The United States adopted such a policy in the most anxious days of the Cold War. Known as the Reagan Doctrine, America's aid to anti-communists policy ultimately destroyed the Soviet war machine, hastening its inevitable collapse. Military aid to freedom fighters in Nicaragua and El Salvador defeated Ortega and the Sandinistas, isolated Castro, and swept the communists from Central America. Reagan's arms deliveries forced Cuba to surrender Angola. And after nine years of bloodshed, the Soviets did likewise in Afghanistan. Afghan rebels defended their homeland with American weaponry and drained Moscow of its young men. Perhaps just as important, Reagan achieved these victories without sending U.S. troops into combat. 

The implementation of a new Reagan Doctrine in Bosnia would bring an end to this conflict. While America is not obligated to send its young men off to the Balkans and rid the world of renegade, anachronistic governments, America must aid those who fight and die for freedom. This is an obligation to our own traditions and history, linking the patriots of the American Revolution to the Bosnian freedom fighters of Europe's ongoing democratic revolution.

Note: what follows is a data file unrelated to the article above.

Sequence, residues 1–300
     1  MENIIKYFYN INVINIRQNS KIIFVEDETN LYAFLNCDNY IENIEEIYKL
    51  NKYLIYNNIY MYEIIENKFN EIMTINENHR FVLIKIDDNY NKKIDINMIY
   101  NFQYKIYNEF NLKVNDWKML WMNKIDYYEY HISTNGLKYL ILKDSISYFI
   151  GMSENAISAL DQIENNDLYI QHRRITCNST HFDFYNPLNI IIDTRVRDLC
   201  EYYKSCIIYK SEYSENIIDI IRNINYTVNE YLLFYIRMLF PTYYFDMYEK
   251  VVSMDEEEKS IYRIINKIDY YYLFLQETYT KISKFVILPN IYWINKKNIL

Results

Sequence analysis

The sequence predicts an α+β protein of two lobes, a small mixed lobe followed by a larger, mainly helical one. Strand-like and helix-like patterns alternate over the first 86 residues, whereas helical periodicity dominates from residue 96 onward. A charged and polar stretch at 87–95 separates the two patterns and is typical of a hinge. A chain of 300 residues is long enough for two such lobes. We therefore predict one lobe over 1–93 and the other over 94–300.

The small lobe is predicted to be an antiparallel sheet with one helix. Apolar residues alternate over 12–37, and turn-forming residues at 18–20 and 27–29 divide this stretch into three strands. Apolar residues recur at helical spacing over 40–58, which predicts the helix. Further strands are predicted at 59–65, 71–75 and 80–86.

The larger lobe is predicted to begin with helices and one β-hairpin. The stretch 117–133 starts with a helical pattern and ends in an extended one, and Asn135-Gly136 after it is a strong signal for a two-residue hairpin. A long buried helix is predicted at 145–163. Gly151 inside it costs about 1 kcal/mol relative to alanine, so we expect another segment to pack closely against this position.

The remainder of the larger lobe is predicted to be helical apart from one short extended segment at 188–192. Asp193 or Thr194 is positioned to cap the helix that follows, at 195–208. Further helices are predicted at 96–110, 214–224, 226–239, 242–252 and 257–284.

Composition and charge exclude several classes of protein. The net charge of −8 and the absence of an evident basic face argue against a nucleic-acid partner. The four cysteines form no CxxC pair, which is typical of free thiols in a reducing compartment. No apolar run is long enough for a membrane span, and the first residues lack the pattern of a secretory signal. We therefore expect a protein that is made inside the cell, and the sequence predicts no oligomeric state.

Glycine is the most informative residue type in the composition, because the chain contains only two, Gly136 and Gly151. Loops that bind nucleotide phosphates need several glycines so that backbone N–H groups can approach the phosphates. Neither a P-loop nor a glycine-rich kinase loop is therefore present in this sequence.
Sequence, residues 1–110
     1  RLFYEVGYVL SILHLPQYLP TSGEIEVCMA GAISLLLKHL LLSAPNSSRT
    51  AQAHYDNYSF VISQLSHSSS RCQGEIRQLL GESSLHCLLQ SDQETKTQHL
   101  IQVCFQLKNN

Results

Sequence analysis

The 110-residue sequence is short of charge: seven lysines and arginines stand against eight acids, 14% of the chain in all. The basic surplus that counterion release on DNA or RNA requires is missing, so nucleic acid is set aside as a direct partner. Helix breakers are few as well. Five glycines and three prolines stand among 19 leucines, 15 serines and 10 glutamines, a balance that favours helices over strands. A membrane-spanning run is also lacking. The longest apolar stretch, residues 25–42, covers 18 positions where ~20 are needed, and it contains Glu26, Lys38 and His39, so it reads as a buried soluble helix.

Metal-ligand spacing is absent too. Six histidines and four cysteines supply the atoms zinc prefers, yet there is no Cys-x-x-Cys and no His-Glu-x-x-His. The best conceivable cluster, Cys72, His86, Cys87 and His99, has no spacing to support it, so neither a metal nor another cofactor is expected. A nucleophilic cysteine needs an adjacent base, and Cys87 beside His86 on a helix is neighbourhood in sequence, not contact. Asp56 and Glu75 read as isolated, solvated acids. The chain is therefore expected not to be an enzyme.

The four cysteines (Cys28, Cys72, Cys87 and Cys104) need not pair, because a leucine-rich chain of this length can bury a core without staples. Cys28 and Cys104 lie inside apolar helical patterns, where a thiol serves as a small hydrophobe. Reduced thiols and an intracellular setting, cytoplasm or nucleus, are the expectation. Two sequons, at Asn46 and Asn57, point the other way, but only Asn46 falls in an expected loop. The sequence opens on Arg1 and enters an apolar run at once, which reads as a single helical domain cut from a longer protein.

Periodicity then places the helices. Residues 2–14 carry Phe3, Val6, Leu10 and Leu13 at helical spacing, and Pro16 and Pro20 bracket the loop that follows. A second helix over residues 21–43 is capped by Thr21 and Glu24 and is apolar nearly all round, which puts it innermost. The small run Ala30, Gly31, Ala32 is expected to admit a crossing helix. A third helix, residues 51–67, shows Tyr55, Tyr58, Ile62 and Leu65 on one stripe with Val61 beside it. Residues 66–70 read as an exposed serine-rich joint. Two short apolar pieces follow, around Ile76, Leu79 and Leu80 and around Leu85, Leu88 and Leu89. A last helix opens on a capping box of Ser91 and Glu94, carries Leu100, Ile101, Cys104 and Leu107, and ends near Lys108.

Bosnia, divided and bruised, has asked not for liberation but for the tools to secure liberation. Its people realize only they can achieve this goal. As America charts a new course for a changed world, it must remember the lessons of the Great War as well as the Cold War. To embrace again the hopes of isolationism will only delay a greater tragedy. To send Americans into a civil war, whether it rages in Southeast Asia or Eastern Europe, will scar a generation and cripple a nation. But to offer moral and material support to people who love liberty is an act worthy of the American tradition. Embracing such a policy in the 1980s, America defeated communists around the globe. We should do no less today in Bosnia.